The Roar
The Roar


How do we get more women's sport on TV?

If women are to play a bigger role in sport in Australia, we need to encourage girls to be involved. (Supplied)
Roar Guru
4th February, 2016
1092 Reads

Enough about Mitchell Pearce and his antics, or how two rugby league players missed curfew on a pre-season camp, let’s dig deeper. What I propose is simple, important, yet often forgotten in the Australia sporting landscape. It’s time to talk sporting equality.

The Australian Open has come and gone for another year, but this time it left thoughts lingering in my mind about equality in the sports that we love.

Unfortunately, there really isn’t another example of it other than tennis.

What tennis does in regards to both sexes playing the big tournaments together is world class. Both forms of the sport are on television together for equal prize money.

Tennis shows it is possible to have both forms of a sport running side by side, and that there should be more of it. It expands fan-bases (for example mums and daughters may attend more A-League matches if women play before) and leads to increases in revenue. An increase in revenue improves the product and the cycle starts again.

Women’s sport is an untapped resource. The revenue gained from advertising and TV rights alone make investing in this commodity worthwhile.

The NRL are a step ahead, having played the women’s State of Origin before a Cowboys versus Sharks game in 2015. There was a decent crowd, and from all reports the spectacle was great. There will also be a women’s game played at the Auckland Nines, with the Australian Jillaroos taking on the Kiwi Ferns.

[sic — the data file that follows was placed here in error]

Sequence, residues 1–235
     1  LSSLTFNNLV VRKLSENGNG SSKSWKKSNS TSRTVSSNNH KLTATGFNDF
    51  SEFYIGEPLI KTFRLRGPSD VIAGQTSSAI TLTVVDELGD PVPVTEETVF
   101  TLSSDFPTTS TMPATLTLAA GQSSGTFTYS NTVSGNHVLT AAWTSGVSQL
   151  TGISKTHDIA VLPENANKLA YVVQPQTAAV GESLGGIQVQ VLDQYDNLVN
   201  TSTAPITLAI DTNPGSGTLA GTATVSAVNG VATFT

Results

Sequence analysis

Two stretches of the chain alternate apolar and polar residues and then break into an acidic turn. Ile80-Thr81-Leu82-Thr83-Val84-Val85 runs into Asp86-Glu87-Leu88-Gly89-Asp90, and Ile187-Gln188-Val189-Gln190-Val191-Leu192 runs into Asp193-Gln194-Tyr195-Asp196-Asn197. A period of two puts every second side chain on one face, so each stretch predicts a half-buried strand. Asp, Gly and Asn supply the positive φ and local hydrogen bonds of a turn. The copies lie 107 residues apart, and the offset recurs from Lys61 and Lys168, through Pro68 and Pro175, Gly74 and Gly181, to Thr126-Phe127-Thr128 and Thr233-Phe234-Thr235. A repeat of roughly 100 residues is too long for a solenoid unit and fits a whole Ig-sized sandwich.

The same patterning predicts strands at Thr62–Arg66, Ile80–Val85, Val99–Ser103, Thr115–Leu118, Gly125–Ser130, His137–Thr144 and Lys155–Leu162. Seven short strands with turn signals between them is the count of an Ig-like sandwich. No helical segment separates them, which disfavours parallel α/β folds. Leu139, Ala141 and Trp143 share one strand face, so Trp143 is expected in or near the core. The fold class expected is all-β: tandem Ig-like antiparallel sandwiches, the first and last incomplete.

It’s a great way to grow the sport; it exposes more girls to the game and shows parents that it’s a safe sport to have their daughters playing. Either way congratulations to the NRL for heading in the right direction.

The A-League is where the most growth is, with the Women’s World Cup a revelation. The playing level and ability was phenomenal, and opens up a huge growth sector for the A-League.


Why not start playing all W-League games before their corresponding A-League fixture? Currently there are eight of the ten teams that correspond between the two competitions, which opens up the opportunity for the female game to explode into the market. Show it on Fox Sports like the NRL does the Under-20s, get more mums and daughters to the games, and off it goes. The FFA could really benefit from this in the long term.

Similar to the A-League, the NBL needs a strong curtain raiser to give fans bang for their buck, and the WNBL could be the answer. This could be a good selling point to not only daughters and mums but also to the TV companies and could increase advertising and revenue. I travel to Wollongong for the basketball and would happily arrive an hour or two earlier to watch the WNBL. Growth, again, could be huge.

In recent months we have seen the emergence of the Women’s Big Bash League shown live on Ten. Cricket is the leader in promoting the game at this level, and it’s a pleasure to see. The standard of play is extraordinary, with big hits, classic catches and close games for all to enjoy.

Congratulations Cricket Australia for your work, there should be more of it. The Women’s BBL will continue to grow and Cricket Australia are set to profit from their faith and commitment to this form of the game.

The discussion needs to happen more frequently and in more detail, but hopefully this gets everyone thinking about the topic.

We all love sport, if there is more of it out there, we’re all winners at the end of the day.